A place where the future of theatre is already here
A little-known hazard of working at NTS: our administrative offices are not air conditioned! For those of us who work through the summer, the month of August can feel very, very long. I have two fans in my office and find it best to only crack my window a little while pulling the blinds all the way down. It feels a bit, with our building’s thick stone walls, with no students around, with no pressing theatre emergencies, like I am working in a dark cave. It’s a slow, languorous, sweaty time of year, and while I value it as a moment to think, plan, reorganize and redirect, I am so excited to finally have some life, some noise in the building. It’s la grande rentrée, the first day of classes at the National Theatre School of Canada. Soon, our hallowed halls will be filled with students in tears or wailing or wrestling (because, mostly, they’re acting), with equipment being hoisted and schlepped, with swatches of fabric and splashes of paint… a whirling dervish of activity that won’t stop until May. A little-known benefit of working at NTS: if you are ever bored or tired at your desk, go for a quick walk in the halls.
It is hard to describe the energy that takes hold of our buildings. It’s the energy of opening night, cranked to 11 and sustained over months. Constant work, exploration, debate, emotion… an energy that comes from young, ambitious, rigorous, passionate artists taking possession of the profession that they will soon join. Five years into my journey at NTS, I have learned that there is nuance to the noise as well. There is the nervous buzz of incoming students, unsure of how they fit into this wild expression of creativity. There is the staccato energy of second-year students, excited to have a chance to start leading and putting what they have learned to the test. And there is the calmer energy of graduating students, a quiet confidence that is visible in the way they hold themselves, an almost physical manifestation of their readiness to graduate and get going on their careers. Of course, this being a school full of theatre makers, the volume is high and the expressions of emotion frequent.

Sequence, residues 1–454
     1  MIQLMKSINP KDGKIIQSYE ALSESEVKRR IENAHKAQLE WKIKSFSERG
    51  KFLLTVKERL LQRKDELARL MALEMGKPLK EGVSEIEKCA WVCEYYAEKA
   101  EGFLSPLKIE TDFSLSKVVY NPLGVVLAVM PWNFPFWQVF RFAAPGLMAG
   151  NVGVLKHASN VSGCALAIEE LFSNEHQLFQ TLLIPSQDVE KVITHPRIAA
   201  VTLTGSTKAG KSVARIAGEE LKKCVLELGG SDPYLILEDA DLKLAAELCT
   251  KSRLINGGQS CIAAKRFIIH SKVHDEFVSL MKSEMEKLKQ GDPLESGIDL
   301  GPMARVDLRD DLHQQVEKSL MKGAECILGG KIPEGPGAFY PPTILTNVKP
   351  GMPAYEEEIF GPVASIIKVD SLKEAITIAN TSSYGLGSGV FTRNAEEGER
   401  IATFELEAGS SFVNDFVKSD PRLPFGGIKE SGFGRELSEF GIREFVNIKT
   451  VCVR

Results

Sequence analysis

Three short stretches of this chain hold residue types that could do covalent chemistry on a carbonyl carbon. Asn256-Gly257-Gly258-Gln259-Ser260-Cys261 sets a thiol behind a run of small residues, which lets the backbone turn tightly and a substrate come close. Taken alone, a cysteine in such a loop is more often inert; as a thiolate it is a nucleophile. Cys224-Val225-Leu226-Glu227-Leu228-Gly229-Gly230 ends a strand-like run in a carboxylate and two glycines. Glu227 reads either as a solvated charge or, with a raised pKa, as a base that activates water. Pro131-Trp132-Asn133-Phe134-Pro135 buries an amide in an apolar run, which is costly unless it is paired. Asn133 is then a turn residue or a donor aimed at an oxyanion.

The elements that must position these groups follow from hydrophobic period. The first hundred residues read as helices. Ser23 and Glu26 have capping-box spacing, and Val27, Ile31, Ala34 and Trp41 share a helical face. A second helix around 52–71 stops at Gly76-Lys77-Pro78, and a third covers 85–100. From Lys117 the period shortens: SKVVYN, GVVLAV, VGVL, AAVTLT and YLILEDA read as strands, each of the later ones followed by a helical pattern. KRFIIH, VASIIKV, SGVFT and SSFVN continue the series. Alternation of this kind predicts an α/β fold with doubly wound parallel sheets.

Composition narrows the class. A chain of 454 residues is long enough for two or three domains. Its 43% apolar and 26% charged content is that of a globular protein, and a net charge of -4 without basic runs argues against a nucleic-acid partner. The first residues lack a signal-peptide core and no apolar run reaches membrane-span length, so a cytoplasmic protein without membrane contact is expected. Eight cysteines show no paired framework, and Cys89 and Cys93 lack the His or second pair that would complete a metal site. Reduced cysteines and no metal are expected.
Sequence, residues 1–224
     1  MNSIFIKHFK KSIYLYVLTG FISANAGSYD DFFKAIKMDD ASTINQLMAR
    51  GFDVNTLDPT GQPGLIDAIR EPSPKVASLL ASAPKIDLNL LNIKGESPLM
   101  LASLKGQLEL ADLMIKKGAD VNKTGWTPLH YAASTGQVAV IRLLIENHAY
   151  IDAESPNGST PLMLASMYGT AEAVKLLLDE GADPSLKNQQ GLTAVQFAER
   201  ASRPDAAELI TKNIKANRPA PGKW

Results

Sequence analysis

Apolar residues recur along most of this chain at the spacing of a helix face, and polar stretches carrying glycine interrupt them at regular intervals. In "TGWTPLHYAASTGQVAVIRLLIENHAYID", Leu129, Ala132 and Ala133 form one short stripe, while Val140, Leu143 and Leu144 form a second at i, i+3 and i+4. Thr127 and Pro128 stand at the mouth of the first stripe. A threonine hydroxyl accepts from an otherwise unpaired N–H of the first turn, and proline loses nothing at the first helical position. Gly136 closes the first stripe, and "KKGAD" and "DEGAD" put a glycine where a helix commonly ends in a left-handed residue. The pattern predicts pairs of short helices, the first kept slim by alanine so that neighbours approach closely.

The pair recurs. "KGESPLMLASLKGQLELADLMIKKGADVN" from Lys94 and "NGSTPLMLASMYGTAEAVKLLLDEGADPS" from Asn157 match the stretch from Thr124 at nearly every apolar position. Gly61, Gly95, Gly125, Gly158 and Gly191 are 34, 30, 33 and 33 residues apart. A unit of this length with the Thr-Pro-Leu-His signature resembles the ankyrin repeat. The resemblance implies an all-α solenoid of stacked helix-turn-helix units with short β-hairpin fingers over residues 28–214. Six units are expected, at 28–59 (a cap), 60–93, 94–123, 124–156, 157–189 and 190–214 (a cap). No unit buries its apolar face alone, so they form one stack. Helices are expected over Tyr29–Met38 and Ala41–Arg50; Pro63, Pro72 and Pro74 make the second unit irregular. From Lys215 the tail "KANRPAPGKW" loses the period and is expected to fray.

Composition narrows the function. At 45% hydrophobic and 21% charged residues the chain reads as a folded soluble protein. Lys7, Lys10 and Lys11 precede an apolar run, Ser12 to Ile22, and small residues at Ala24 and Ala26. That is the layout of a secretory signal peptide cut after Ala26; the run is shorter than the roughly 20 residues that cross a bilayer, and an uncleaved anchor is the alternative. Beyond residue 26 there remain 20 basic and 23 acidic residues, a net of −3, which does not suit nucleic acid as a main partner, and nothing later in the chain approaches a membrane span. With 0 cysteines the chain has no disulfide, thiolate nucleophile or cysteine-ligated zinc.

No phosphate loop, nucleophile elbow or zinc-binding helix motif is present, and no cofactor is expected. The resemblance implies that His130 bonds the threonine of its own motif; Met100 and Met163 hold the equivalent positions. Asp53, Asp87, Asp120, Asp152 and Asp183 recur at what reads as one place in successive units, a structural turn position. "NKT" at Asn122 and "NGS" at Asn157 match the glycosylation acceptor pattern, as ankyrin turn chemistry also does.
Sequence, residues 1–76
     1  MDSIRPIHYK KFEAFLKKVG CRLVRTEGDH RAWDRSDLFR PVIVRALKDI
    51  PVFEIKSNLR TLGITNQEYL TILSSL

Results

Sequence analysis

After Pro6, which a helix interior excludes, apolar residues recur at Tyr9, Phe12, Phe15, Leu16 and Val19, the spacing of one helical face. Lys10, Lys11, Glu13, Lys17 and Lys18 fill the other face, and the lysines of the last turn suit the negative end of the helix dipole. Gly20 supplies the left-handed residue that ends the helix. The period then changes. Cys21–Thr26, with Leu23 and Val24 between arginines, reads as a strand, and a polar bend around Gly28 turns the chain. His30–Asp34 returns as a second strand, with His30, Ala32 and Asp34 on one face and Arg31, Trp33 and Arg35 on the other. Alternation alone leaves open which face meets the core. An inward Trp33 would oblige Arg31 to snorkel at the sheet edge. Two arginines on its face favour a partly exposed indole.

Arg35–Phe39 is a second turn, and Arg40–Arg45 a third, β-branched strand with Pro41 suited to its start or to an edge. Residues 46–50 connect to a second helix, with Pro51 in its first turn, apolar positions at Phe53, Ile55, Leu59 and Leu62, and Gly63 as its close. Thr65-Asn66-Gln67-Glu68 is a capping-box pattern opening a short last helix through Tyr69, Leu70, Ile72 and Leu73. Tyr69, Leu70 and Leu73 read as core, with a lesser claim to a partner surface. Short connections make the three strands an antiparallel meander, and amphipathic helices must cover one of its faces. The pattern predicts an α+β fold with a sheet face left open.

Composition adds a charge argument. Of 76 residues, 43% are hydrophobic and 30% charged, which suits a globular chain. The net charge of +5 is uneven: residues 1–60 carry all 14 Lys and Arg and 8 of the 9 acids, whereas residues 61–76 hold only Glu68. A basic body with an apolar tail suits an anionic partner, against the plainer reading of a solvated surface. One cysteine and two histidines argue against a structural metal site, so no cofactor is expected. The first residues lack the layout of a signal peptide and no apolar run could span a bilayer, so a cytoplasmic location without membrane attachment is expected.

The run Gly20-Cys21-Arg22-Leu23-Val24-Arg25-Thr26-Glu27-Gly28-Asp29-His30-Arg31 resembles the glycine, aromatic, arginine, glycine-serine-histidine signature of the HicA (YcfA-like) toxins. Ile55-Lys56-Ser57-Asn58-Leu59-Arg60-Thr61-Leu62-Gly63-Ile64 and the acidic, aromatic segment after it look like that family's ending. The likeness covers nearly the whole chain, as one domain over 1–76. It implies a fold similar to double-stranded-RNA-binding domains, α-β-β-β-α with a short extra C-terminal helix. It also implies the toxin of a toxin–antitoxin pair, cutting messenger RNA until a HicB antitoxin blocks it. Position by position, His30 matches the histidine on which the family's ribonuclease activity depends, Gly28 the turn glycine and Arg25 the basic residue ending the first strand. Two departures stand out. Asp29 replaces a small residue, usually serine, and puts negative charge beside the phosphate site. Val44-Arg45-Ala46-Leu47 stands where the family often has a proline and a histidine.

In truth, this energy is the energy I want to feel every time I walk into a theatre: a feeling of possibility, acceptance, emotional expression and passion. I dream of our professional venues feeling as inhabited and uninhibited as NTS does every day. And I wonder often what gets lost along the way… why do our theatres feel so stayed? Why so serious all the time? Why so prim and proper? Why the insistence on totally homogenous ways of presenting theatre, at a certain time for a certain number of days? Why do we insist on containing our artistic expression to the stage and not let is spill into every nook and cranny of our venues? Why do we manufacture so much distance between artist and spectator, process and final product? If theatre is to remain a vital form, if it is to be the tool our communities use to deal with our most complex problems, we have to find a way to sustain the energy these young artists produce and let it fill our professional spaces.
All this enquiry to say that I have the great privilege and pleasure to work in a place where the future of theatre is already here. A theatre that is engaged, complex, full of energy and in the hands of an inspiring group of artists who, through their very presence, make the walls vibrate with sound, colour and emotion and who inspire me every single day.
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Gideon Arthurs and his daughters at a back-to-school gathering